Animated gif showing a schematic of interstellar visitor ‘Oumuamua's all-too-brief visit into and out of the inner Solar System in late 2017.
It's Saint Valentine's Day and what better day for a more complete entry on the awesomely wonderfully and wonderfully mysterious ‘Oumuamua. (I neglected to give the object its due back in 2017.) Also known 1I/2017 U1 -- in which the 1I there refers to "1I" refers to an interstellar object, as in, the first known interstellar object to pass through our Solar System.
Two-dimensional schematic of ‘Oumuamua's orbit at perihelion around the Sun in 2017 with dates and orbits of inner planets.
I refer, of course, to the interstellar that tore through the inner Solar System in late 2017 and whose name in the Native Hawaiian language translates roughly as "First Distant Messenger" or "First Messenger from A Far" -- so named because it was discovered using the Pan-STARRS telescope at Haleakalā Observatory on Maui in the Hawaiian Islands.
Three-dimensional schematic of ‘Oumuamua's orbit through the inner Solar System in 2017
And, yes, that's an ʻokina -- or glottal stop, NOT an apostrophe (though it resembles an upside down apostrophe). (It was going to be Rama after the Arthur C. Clarke novel Rendezvous with Rama, but Hawaiian cultural sensitivity appropriately prevailed.)
Caption: ʻOumuamua, imaged here with the William Herschel Telescope on 28 October, is seen as a stationary light source in the center of the image. Background stars appear streaked because the telescope is tracking the rapidly moving object.
Discovered by Robert Weryk on Oct 19, 2017, ‘Oumuamua was already 40 Earth days beyond its closest approach to the Sun and 33 million km (21 million miles) from Earth (or 85 times the Earth-Moon distance).
YouTube video animation of ‘Oumuamua's journey into and through the inner Solar System as the object whips around the Sun -- as seen from its moving perspective.
‘Oumuamua tore through the inner Solar System on a hyperbolic trajectory (eccentricity ~1.2 > 1.0), dropping "into" the plane of the ecliptic from above, whipping around the Sun, and exiting once again "above" the plane of the ecliptic -- and even, weirdly, accelerating slightly as it did so.
Schematic diagram of the hyperbolic orbit of ‘Oumuamua above the Solar System with dates.
To be clear, the skyscraper-sized ‘Oumuamua displays no obvious comet-like properties and instead appears to be a very queer-looking cigar-shaped asteroid undergoing some sort of chaotic spin.
Illustration of ‘Oumuamua displaying comet-like outgassing as it approaches the Sun.
As for all this weirdness, let me get to the point: I totally, too, would love for ʻOumuamua to be an alien probe -- even a lost, dead one of some sort …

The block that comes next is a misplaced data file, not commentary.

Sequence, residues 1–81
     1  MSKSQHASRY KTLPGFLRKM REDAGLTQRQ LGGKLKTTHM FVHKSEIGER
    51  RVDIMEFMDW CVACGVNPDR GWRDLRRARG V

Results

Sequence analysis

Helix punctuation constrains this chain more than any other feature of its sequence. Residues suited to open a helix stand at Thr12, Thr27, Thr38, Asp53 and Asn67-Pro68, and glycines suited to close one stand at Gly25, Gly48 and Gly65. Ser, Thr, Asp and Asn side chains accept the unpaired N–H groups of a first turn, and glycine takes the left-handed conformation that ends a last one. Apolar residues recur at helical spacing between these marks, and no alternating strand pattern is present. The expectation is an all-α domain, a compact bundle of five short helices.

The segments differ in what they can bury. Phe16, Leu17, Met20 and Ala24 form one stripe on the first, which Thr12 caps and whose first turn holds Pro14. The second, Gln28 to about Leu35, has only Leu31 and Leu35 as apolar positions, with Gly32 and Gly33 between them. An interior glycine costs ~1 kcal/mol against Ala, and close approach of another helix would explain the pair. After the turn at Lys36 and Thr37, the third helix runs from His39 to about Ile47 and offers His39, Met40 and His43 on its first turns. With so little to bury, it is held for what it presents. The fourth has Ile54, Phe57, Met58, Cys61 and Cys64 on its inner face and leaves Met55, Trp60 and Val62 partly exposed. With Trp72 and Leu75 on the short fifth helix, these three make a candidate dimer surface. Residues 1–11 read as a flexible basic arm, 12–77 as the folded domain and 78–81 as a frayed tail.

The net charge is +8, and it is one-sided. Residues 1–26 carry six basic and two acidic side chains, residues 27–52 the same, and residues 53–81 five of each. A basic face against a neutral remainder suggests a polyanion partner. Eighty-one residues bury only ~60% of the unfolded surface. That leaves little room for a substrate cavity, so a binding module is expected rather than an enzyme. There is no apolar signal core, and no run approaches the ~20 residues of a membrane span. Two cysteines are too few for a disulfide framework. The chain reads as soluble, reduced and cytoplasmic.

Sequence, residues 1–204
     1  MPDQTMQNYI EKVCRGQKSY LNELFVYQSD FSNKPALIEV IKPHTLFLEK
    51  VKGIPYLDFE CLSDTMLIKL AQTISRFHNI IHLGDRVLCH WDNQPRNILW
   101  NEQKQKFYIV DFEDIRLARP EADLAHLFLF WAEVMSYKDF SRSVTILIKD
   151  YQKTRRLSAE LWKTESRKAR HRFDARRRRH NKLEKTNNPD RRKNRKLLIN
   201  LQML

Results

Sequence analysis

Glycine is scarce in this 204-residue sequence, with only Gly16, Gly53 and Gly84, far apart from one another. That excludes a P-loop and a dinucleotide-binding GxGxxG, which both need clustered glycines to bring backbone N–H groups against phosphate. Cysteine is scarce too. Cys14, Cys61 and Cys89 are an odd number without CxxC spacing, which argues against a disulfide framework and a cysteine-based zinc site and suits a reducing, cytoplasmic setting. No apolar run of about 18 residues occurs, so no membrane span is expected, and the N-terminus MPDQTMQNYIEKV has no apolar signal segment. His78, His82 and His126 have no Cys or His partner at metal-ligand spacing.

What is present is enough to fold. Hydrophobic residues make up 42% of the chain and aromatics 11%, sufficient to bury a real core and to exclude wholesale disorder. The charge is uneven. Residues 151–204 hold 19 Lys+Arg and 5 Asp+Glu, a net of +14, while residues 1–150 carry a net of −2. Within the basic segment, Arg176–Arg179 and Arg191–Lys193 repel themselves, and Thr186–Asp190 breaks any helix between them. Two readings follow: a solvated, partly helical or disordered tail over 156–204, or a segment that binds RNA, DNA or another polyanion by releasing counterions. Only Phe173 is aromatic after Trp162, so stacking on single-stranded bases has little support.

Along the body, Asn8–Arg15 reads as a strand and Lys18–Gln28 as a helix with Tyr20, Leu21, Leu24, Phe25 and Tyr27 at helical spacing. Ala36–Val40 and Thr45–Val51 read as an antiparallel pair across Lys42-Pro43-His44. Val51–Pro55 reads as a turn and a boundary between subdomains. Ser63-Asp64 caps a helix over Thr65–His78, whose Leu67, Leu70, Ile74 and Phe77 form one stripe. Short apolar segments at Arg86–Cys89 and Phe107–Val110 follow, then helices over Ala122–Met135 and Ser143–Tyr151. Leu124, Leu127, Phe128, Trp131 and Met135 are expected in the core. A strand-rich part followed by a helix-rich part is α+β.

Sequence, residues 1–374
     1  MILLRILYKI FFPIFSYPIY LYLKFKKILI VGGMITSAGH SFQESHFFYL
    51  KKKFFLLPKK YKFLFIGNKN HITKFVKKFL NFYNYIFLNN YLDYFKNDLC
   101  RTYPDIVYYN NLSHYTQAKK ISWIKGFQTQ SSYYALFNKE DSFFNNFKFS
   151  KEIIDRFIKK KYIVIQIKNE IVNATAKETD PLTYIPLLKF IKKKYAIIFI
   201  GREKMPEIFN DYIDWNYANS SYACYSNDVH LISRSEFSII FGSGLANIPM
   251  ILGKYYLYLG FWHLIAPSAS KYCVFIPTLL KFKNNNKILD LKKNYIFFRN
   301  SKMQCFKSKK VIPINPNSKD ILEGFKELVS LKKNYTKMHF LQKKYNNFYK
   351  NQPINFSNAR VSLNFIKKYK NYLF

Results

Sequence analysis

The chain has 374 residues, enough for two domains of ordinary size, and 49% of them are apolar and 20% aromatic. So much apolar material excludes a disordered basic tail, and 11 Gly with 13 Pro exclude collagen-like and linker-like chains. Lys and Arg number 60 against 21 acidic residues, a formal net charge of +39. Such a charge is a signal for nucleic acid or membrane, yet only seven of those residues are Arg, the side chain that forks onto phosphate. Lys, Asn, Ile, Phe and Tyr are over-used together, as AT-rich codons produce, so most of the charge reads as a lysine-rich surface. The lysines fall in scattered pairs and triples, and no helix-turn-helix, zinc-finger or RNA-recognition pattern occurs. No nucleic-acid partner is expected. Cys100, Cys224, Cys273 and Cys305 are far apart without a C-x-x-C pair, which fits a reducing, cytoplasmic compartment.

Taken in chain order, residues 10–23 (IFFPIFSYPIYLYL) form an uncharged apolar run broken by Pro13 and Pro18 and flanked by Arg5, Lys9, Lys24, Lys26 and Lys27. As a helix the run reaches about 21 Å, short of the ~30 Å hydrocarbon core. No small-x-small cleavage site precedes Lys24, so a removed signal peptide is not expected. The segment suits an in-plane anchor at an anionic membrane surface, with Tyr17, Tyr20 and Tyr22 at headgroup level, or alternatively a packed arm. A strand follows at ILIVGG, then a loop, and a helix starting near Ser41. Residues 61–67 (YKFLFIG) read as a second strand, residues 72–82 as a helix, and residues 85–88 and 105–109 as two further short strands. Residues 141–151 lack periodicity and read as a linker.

To that end, here are some articles with links:
Wild Idea: What If Interstellar Visitor ʻOumuamua Is an Alien Light Sail? --Space.com, Nov 6, 2018
Is ʻOumuamua an Alien Spaceship? Sure! Except, No -- Wired, Jan 15, 2019
Interstellar Object ʻOumuamua Could Be a 'Monstrous' Corpse of Comet Dust --Space.com, Feb 5, 2019
A bizarre interstellar object called ʻOumuamua continues to perplex astronomers a year after it vanished. Here's why a few scientists still wonder if it was alien. - Business Insider, Feb 2, 2019
’Oumuamua as seen over the course of several days by the William Herschel Telescope in late 2017; source here.
About that matter of those scientists who wonder if it is an artificial structure constructed by some extraterrestrial civilization, here is the article from the arXiv electronic preprint (e-print) repository (link embedded): COULD SOLAR RADIATION PRESSURE EXPLAIN ‘OUMUAMUA’S PECULIAR ACCELERATION?
By Shmuel Bialy and Abraham Loeb, Harvard Smithsonian Center for Astrophysics
Accepted for publication in the Astrophysical Journal Letters
‘Oumuamua (1I/2017 U1) is the ﬁrst object of interstellar origin observed in the Solar System. Recently, Micheli et al. (2018) reported that ‘Oumuamua showed deviations from a Keplerian orbit at a high statistical signiﬁcance.
The observed trajectory is best explained by an excess radial acceleration ∆a ∝ r−2, where r is the distance of ‘Oumuamua from the Sun. Such an acceleration is naturally expected for comets, driven by the evaporating material. However, recent observational and theoretical studies imply that ‘Oumuamua is not an active comet.
We explore the possibility that the excess acceleration results from Solar radiation pressure. The required mass-to-area ratio is (m/A)≈0.1 g cm−2. For a thin sheet this requires a thickness of≈0.3−0.9 mm.
We ﬁnd that although extremely thin, such an object would survive an interstellar travel over Galactic distances of ∼5 kpc, withstanding collisions with gas and dust-grains as well as stresses from rotation and tidal forces.
We discuss the possible origins of such an object. Our general results apply to any light probes designed for interstellar travel.
No matter what it is, all I have to say is: Come back ‘Oumuamua and just enter a lazy orbit around the Sun … We, the Children of Earth, love you. We need you. No, really.